Baxter’s a shy sort of fellow, lacking the confidence to ask out Miss Kubelik. Then his friend ends it with Mary and encourages him to ask her out. Because the house party is so destructive it puts a hole through two floors. They’re both leaving Chicago and heading to New York, which means – road trip! He persistently annoys her and conversation ends up heading in the direction of the nature of friendship: Harry doesn’t believe a man and woman can have a platonic relationship, he believes sex will rear its ugly head at some point, Sally disagrees. Baxter works for an insurance company and has a major crush on Fran Kubelik, an elevator operator in his office building. At first he can’t stand Mary, then he spends some more time with her and kind of starts to like her. She’s written Because it nails the adolescent panic over identity and how dramatic relationships feel at that age even when all you’ve done is exchange a glance. Because these are high school characters who are actually likeable.One is that such a low-budget film looks so good visually.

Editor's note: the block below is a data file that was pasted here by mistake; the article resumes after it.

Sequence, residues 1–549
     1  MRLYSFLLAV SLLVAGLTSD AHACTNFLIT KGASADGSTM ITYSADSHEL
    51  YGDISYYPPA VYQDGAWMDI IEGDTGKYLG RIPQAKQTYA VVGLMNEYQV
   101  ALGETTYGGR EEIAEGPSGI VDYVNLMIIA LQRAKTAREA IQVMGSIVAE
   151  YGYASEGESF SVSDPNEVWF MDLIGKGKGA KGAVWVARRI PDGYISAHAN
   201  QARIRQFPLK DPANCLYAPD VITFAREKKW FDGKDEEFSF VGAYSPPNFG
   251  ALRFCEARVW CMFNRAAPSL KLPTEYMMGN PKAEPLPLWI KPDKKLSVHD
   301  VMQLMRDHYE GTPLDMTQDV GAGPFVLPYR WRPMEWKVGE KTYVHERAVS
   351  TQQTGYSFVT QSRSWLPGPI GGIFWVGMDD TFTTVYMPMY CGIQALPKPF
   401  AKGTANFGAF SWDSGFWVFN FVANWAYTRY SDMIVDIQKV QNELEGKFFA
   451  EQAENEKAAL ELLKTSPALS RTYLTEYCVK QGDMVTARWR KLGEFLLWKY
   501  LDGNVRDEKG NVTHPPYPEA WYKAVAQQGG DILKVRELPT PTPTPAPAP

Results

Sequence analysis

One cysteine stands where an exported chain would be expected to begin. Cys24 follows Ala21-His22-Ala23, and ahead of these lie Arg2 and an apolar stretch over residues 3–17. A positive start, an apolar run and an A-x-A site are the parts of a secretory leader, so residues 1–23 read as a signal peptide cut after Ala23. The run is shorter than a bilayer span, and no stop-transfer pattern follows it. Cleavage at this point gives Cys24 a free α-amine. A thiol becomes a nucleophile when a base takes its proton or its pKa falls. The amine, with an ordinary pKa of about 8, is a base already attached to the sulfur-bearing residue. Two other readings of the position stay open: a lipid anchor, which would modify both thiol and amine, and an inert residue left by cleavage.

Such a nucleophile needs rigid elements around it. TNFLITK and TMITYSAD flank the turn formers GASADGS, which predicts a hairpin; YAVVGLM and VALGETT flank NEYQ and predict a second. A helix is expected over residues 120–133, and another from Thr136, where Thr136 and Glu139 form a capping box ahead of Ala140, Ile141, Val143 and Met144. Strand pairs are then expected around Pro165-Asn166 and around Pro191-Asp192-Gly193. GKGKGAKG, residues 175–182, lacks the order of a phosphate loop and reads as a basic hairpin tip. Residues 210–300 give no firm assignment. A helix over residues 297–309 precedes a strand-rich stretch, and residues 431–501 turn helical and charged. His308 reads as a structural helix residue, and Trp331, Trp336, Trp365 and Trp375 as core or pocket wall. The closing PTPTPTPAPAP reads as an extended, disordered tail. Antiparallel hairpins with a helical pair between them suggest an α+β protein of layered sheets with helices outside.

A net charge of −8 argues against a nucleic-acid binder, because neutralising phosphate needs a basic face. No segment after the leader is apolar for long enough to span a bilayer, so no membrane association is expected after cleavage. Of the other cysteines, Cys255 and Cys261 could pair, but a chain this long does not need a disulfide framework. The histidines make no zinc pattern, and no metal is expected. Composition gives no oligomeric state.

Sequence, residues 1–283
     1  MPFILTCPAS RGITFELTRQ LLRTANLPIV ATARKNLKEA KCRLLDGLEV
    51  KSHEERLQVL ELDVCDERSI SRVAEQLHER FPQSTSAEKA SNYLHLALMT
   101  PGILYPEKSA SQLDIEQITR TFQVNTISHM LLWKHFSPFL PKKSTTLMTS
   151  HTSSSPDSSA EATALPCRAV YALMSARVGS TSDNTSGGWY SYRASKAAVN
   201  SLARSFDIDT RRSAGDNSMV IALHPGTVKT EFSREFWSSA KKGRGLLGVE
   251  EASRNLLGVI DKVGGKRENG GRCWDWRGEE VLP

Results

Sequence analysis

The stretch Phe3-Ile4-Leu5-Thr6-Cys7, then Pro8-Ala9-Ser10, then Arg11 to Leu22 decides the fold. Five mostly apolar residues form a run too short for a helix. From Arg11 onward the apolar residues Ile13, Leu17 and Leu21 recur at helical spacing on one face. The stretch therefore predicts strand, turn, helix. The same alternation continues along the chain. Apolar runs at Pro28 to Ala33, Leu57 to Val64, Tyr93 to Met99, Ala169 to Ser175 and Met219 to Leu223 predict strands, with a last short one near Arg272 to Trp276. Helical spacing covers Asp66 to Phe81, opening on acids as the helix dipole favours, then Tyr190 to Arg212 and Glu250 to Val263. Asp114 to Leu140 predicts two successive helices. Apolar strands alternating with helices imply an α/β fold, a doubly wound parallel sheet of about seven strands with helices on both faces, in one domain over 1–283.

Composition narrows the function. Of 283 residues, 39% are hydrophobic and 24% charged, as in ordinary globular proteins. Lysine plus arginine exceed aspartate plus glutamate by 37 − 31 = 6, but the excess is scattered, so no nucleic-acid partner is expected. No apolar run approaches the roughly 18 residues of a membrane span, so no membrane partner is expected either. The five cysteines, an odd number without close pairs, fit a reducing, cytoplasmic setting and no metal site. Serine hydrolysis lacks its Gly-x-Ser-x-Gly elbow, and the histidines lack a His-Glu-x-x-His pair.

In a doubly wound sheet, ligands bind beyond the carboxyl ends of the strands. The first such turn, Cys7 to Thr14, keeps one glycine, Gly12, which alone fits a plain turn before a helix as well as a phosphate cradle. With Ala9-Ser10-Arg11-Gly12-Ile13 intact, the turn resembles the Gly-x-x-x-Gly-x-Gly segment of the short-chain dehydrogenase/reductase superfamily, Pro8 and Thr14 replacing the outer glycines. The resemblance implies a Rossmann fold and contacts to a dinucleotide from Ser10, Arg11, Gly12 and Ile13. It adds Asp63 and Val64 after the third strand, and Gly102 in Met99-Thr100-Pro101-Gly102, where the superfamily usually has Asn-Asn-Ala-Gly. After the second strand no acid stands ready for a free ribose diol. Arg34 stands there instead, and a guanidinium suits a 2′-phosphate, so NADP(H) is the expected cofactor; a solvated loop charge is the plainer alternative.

Without the pressure and weighty expectations involved in producing a major work, inspiration flows freely and the result is an even more accomplished piece of art.
To capture a natural setting so well on a medium that often feels cold and sterile is an unusual accomplishment.
The relaxed, convincing performances of the actors also deserve notice.
As an omnibus work, 1.3.6 has to be considered a failure, especially as the three films (Jang's amusing Sonagi Epilogue, Lee's poorly-received Mobius Strip, and Song's poetic Git) don't match, not just in length but in form, content, mood, style, and quality.
But if Song betrayed the spirit of the omnibus project, he remained true to the needs of his film.